Thursday, August 18, 2011
Portrait of a birder as a young man (Urban Birder book review)
I have been a big fan of David Lindo, Britain's "Urban Birder," for about a year now, so when he mentioned on his blog that he had a book coming out in August, I couldn't wait to download it onto my Kindle. I am always interested in other people's stories, especially if they are birders, and The Urban Birder did not disappoint.
In the prologue, Lindo asks a few questions, such as: Do you love birds? Do you live in a city or town? Do you wake up most mornings wanting to go birding? Do you love it when you are surrounded by nature, wherever you are? Do you find yourself furtively searching the skies as you travel around? Do you ever bore your friends about birds?
OK, stop already, this is uncanny! We've never even met, and this man knows me inside and out! Which I guess is proof that, no matter where we live or what our backgrounds are, we birders all have quite a bit in common.
But it's what we don't have in common that makes each story special, and these parts of the book I found especially interesting. Like many birders, Lindo developed his fascination as a young child, captivated by house sparrows that he saw on the hospital grounds as his sister was coming into the world. The child of Jamaican immigrants, Lindo grew up in a working class neighborhood in London. Although he was not actively discouraged from his interest in birds and nature, it was also not something that his parents, schoolmates, or even teachers, really seemed to understand or know how to nuture.... Notwithstanding this indifference, as he grew up, he discovered field guides, binoculars, the importance of a "local patch," and also managed to entice a classmate into becoming his birding buddy! I found it especially interesting that he mentions Gerald Durrell as one of his influences...seriously, who wouldn't envy Durrell's childhood on Corfu? My Family and Other Animals has to to be one of the best books ever!
As he entered his late teens and early twenties, he began birding farther afield, going on trips to Scotland and even the Mediterranean area, and, like many of us, began to associate birding with seeking out different species in rural areas, and chasing after rarities (what the British call "twitching.")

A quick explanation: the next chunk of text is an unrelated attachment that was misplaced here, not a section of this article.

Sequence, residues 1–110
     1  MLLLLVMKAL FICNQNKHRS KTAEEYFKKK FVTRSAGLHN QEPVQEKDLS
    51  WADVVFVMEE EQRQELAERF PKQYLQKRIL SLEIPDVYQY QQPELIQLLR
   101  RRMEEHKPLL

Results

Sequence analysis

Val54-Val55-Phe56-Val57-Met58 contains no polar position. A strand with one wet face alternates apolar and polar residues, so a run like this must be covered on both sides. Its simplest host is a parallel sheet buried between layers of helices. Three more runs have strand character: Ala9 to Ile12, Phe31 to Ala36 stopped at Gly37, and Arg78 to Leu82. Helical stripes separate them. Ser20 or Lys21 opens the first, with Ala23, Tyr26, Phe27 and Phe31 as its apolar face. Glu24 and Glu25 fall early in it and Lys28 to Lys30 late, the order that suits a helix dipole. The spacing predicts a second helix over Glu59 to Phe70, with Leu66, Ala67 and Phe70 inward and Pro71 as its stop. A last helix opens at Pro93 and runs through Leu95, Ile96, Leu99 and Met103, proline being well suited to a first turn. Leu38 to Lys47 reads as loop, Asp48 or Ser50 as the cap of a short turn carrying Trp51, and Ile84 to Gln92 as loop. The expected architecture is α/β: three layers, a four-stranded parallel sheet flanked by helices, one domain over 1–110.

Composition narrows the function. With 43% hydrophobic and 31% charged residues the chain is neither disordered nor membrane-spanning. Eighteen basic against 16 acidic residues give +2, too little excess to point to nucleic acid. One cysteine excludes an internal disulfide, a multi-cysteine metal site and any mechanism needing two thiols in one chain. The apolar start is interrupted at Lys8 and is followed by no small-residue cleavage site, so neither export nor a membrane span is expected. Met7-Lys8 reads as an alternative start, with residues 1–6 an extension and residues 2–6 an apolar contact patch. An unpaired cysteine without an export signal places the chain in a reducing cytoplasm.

He also describes, in a very matter of fact way, how his love of birding clashes with common stereotypes. Other black kids referred to him as a "coconut" (black on the outside, white on the inside) because of his interest in nature, and white birders seemed surprised to find a black guy so interested in birds, and frequently assumed that his white friend was the "real" birder. Although I would say that, at least here in Illinois, birders are friendlier towards each other and newcomers than some of the older folk that Lindo met in England, similar stereotypes occur here as well--namely, that being interested in nature and birds in a mainly white, middle class pursuit; and in the case of birding, I would say that at least 70% of the hard core birders I know are guys.
But the truth is that nature is everywhere around us, even in the midst of the inner city, and making people aware of that is David Lindo's mission. He discusses how surprised people are when he leads them on nature walks, never suspecting how much life is all around them. I would say that is true in central Illinois as much as it is in London.
Towards the end of the book, Lindo describes how his life takes him back to his beginnings, as he returns to London and urban birding, especially after he discovers a previously unbirded, but very rich, area known as the Wormwood Scrubs. As he birds, he discovers the unexpected, such as that these "Scrubs" are in the migration path of one of his favorite birds, the Ring Ouzel. He also, through a combination of serendipity and old-fashioned hard work, gets a chance to live his childhood dream and work for nature programs on TV, like one of his heroes, David Attenborough. (Only in a hip, well-dressed urban way!)
As I was reading about his trips and exploits, practically salivating with envy at all of the British birds that he sees (oh, to see a ring ouzel for myself...and all the different kinds of tits...and rooks!), along came his chapter about birding on trips to the USA, and how he has envied all of the North American birds that can be seen. (And yes, I have been grateful for that myself--despite the depredations to the environment, we still have a plethora of birds to enjoy here in the United States.) It was kind of weird reading about common birds here, like the least sandpiper and the American redstart, being discussed as rarities in England. (Which makes me wonder...can I introduce International Bird Swap Day? No? Why not?) Also, a couple of his stories about birding in New York City made me remember why I avoid cities as much as possible....
The take-home message of The Urban Birder is much the same of this blog: just go outside and look around, and you will be amazed by what you see. For anyone interested in appreciating nature or a birder's memoir, I would recommend this book...and not just because I like his blog!